Sixty years ago this month, W. Warrick Cardozo published a paper in the Archives of Internal Medicine entitled, "Immunologic Studies in Sickle Cell Anemia," which reported the results of one of the first studies of the disease. Cardozo, a young American physician, discovered that sickle cell anemia--a condition in which a majority of red blood cells are crescent shaped--runs in families and that it strikes almost exclusively people of African descent. In addition, Cardozo found that not all victims were killed by the disease and that not all persons whose blood contained sickle cells suffered from anemia. These important observations came 13 years before researchers had identified the hemoglobin abnormality that causes sickle cell anemia.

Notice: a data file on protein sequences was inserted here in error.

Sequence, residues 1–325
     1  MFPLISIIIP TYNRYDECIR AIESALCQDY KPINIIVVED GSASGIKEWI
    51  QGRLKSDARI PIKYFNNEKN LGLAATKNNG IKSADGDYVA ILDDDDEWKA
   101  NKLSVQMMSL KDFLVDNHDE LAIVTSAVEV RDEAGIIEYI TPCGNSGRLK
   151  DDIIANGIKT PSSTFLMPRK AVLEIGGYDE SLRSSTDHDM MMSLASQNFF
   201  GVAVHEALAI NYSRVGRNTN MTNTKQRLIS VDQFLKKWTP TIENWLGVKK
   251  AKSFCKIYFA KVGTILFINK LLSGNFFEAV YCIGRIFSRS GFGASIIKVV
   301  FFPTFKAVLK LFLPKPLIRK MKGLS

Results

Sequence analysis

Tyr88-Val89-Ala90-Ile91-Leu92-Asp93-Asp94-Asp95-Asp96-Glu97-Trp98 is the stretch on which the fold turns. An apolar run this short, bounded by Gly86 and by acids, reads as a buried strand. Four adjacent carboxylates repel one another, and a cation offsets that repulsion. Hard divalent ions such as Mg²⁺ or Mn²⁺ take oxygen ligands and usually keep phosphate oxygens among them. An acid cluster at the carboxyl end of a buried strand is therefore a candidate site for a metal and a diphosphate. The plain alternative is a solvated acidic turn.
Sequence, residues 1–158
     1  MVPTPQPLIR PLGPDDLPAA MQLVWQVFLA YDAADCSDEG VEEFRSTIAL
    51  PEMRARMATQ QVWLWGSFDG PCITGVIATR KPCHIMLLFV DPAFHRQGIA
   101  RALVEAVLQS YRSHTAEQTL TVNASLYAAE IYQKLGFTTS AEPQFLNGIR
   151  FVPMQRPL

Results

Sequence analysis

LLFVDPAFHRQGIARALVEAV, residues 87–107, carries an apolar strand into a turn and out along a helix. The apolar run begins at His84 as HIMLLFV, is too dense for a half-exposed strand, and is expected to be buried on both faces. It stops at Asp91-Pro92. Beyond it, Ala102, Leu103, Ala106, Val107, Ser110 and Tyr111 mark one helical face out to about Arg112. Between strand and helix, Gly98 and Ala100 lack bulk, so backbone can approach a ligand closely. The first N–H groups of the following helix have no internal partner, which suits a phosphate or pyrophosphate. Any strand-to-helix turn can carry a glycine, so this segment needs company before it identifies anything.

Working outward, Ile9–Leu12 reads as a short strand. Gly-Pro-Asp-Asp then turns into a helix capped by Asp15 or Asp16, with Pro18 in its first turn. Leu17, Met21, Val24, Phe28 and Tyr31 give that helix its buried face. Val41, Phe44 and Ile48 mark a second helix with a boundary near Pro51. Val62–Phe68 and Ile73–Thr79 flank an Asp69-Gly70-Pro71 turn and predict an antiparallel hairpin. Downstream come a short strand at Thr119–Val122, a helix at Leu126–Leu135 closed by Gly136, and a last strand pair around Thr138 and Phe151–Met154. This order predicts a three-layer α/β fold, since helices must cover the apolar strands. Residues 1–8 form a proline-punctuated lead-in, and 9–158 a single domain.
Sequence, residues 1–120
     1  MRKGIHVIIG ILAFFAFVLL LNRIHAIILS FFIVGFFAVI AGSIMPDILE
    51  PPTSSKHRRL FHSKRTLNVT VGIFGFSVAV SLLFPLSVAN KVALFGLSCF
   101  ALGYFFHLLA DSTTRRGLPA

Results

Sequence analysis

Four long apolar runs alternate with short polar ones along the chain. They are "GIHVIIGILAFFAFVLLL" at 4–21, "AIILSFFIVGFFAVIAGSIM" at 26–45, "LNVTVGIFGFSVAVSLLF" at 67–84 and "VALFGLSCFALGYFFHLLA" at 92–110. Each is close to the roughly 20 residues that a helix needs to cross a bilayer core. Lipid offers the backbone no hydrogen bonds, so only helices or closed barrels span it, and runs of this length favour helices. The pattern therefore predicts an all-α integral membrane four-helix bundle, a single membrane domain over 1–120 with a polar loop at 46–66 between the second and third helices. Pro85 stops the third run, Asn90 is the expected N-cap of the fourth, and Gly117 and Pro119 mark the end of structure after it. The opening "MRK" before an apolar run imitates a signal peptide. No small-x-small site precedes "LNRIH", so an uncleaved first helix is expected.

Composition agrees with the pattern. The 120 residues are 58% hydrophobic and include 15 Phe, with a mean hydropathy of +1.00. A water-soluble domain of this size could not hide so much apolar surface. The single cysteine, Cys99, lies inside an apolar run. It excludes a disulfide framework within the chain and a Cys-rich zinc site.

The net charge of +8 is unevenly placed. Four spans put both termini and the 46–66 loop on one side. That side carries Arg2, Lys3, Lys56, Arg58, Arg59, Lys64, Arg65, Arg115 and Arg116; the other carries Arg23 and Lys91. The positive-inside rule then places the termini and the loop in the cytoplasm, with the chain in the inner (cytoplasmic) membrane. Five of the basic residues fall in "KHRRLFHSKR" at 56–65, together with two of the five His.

[Source: Emily McMurray, Ed. Notable Twentieth Century Scientists. Gale Research Inc. ITP. 1995.]